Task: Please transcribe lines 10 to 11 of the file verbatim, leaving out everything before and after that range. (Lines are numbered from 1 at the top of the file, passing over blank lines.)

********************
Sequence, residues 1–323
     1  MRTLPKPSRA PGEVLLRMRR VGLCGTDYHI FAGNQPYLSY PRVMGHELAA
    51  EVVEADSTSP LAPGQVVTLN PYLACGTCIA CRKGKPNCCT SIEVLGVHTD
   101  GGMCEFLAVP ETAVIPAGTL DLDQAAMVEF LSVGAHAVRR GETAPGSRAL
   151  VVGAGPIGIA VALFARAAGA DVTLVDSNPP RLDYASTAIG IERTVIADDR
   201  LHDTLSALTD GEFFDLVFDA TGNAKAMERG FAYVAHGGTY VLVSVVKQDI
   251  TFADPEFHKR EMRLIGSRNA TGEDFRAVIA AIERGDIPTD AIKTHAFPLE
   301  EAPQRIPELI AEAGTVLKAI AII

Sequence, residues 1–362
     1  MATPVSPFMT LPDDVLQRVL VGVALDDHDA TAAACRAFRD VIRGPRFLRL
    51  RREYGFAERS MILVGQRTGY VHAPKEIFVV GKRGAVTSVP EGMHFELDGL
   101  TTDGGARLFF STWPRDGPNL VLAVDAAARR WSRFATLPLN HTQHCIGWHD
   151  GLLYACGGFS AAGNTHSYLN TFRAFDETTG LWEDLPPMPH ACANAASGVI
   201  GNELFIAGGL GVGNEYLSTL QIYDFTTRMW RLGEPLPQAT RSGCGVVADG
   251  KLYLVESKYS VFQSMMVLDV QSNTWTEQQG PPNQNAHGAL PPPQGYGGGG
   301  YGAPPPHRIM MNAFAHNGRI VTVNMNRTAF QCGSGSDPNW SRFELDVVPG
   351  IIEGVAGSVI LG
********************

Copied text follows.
     1  MATPVSPFMT LPDDVLQRVL VGVALDDHDA TAAACRAFRD VIRGPRFLRL
    51  RREYGFAERS MILVGQRTGY VHAPKEIFVV GKRGAVTSVP EGMHFELDGL